The input of receiver 14 couples to signal line 16. Receiver 14, like driver 12, also receives intermediate voltage 22 and precharge signal 24. Receiver 14 produces output 20 and an inverted output 27 in response to changes in input 18.

In operation, signal transfer system 10 operates to transfer a signal from input 18 to output 20 with reduced power dissipation on signal line 16. Generally, transferring a signal in system 10 contemplates indicating a logic transition between input 18 and output 20, indicating no logic transition between input 18 and output 20, or otherwise transferring information from input 18 to output 20. To initiate operation of system 10, driver 12 and receiver 14 receive a high precharge signal 24 to set signal line 16 to intermediate voltage 22. The value of intermediate voltage 22 is chosen to lie between a first voltage corresponding to a logic one and second voltage corresponding to a logic zero.

If input 18 presented to driver 12 indicates a transition or change in output 20, then driver 12 drives signal line 16 accordingly. In a first transition from logic zero on output 20 to logic one now indicated on input 18, driver 12 drives signal line 16 from intermediate voltage 22 to the first voltage. In a second transition from logic one on output 20 to logic zero now indicated on input 18, driver 12 drives signal line 16 from intermediate voltage 22 to the second voltage. If no transition occurs, driver 12 maintains signal line 16 at intermediate voltage 22. Receiver 14 senses the voltage on signal line 16 and produces a corresponding output 20. Upon sensing the first voltage on signal line 16, receiver 14 sets output 20 to logic one. Similarly, upon sensing the second voltage on signal line 16, receiver 14 sets output 20 to logic zero. If signal line 16 remains at intermediate voltage 22 indicating no transition, then receiver 14 maintains its current output 20. Receiver 14 also sets inverted output 27 to be logically opposite from output 20.

Since voltage swings on signal line 16 always begin at intermediate voltage 22, the transfer of a signal from input 18 to output 20 dissipates less power. As an example, consider an implementation of system 10 operating at a first voltage of four volts, a second voltage of zero volts, and intermediate voltage 22 of two volts. The first transition charges capacitor 26 from two volts to four volts, and the second transition discharges capacitor 26 from two volts to zero volts. In both transitions, the total voltage swing experienced at capacitor 26 is plus or minus two volts, as opposed to plus or minus four volts in a traditional two voltage level logic implementation. Using intermediate voltage 22 reduces the effective switching capacitance of signal line 16, which reduces power dissipated in system 10. This power savings becomes significant when the value of capacitor 26 is large in comparison to other components in system 10. This technique is particularly applicable to large load lines, such as data or address busses of an integrated circuit, or any other on-chip or off-chip signal lines that experience a relatively high capacitance.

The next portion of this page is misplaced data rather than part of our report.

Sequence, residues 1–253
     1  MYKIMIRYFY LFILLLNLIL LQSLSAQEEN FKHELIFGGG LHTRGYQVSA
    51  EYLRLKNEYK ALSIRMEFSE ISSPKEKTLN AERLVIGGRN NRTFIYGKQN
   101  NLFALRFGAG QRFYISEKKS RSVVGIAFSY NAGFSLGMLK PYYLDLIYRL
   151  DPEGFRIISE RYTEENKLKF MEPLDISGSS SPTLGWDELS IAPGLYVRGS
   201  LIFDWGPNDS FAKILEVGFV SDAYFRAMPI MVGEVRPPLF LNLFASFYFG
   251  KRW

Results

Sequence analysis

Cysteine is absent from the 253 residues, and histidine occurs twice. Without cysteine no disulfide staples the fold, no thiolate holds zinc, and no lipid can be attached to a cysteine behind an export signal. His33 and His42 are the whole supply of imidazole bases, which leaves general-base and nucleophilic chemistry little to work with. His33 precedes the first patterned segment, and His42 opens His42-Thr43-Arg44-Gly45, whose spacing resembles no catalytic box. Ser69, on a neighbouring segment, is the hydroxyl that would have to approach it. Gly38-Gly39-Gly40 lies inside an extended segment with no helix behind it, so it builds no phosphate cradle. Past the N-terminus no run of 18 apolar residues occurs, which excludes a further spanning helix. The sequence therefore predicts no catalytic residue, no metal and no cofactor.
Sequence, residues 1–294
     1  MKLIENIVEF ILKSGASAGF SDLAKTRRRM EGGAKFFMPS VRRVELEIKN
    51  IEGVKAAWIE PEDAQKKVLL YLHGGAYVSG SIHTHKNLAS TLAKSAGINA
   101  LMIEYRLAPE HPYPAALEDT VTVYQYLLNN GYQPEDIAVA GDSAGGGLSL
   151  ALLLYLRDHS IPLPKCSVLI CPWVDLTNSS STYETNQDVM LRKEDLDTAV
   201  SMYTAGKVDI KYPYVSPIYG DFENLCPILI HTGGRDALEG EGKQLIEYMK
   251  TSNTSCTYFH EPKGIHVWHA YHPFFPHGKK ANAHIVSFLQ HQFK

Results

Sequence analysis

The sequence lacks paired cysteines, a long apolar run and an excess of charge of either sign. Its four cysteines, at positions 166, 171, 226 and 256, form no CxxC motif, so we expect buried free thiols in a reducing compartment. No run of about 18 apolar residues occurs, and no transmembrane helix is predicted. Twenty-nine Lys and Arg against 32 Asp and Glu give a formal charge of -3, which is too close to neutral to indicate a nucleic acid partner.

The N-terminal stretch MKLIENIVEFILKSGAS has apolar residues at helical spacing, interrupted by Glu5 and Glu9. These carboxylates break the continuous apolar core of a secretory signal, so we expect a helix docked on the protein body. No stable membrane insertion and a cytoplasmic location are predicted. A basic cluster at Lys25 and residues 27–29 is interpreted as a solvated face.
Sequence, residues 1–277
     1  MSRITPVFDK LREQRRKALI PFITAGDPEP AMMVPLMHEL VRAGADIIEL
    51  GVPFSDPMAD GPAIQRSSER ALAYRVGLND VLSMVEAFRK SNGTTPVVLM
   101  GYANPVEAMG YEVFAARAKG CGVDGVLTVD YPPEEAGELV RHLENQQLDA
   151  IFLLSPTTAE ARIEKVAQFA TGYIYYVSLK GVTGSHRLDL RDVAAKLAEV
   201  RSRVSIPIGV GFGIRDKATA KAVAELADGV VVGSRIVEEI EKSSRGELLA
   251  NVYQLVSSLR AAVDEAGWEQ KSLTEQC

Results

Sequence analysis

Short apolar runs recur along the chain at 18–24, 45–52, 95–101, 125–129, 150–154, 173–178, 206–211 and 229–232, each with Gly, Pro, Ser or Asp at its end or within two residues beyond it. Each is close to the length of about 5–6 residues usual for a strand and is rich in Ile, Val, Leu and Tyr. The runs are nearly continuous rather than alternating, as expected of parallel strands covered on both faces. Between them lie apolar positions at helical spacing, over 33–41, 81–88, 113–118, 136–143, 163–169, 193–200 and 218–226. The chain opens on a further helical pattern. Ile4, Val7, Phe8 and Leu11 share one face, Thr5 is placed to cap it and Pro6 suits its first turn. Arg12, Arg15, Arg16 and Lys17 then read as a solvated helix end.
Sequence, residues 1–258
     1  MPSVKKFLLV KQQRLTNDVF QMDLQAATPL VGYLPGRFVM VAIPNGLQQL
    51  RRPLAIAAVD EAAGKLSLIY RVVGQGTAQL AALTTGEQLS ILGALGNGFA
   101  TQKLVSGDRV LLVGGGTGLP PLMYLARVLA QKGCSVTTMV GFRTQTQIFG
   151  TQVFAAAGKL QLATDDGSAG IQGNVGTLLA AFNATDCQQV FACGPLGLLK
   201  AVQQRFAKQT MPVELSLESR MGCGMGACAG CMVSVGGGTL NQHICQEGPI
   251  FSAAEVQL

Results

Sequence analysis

FIG. 2 illustrates driver 12, which includes a logic circuit 30, a switching circuit 32, a memory 34, and a reset transistor 36. Logic circuit 30 includes a NAND gate 40 with a first input coupled to input 18, a second input coupled to the inverse of precharge signal 24, and a third input coupled to the inverse of output 42 of memory 34. Logic circuit 30 also includes a NOR gate 44 having a first input coupled to input 18, a second input coupled to precharge signal 24, and a third input coupled to the inverse of output 42 of memory 34.

Switching circuit 32 includes a first transistor 50 and a second transistor 52. First transistor 50 has a source coupled to a first voltage 54, a gate coupled to the output of NAND gate 40, and a drain coupled to signal line 16. Second transistor 52 has a source coupled to a second voltage 56, a gate coupled to the output of NOR gate 44, and a drain coupled to signal line 16. In a particular embodiment, transistor 50 comprises a p-channel MOSFET and transistor 52 comprises an n-channel MOSFET.

Reset transistor 36 has a drain coupled to intermediate voltage 22, a gate coupled to precharge signal 24, and a source coupled to signal line 16. Memory 34 receives precharge signal 24 and intermediate voltage 22, and produces output 42 based on a previous state of signal line 16. Although the sizing and power requirements may be different, memory 34 has a similar structure and operation as receiver 14, described below with reference to FIG. 3.

In operation, driver 12 receives a high precharge signal 24 which closes reset transistor 36 to set signal line 16 to intermediate voltage 22. A high precharge signal 24 also causes NAND gate 40 to close first transistor 50 and NOR gate 44 to close second transistor 52, which allows charging of capacitor 26 on signal line 16. A high precharge signal 24 also prepares memory 34 for a potential signal transition. Before, during, or after the high precharge signal 24, driver 12 receives input 18. Input 18 indicates a first transition (logic zero to logic one), a second transition (logic one to logic zero), or no transition.

In the first transition, input 18 is logic one and output 42 of memory 34 representing the previous state of input 18 is logic zero. While precharge signal 24 is low, and input 18 and output 42 of memory 34 indicate the first transition, NAND gate 40 closes first transistor 50 and NOR gate 44 opens second transistor 52. This state of transistors 50 and 52 drives signal line 16 from intermediate voltage 22 to first voltage 54. Memory 34 detects this change and stores a logic one.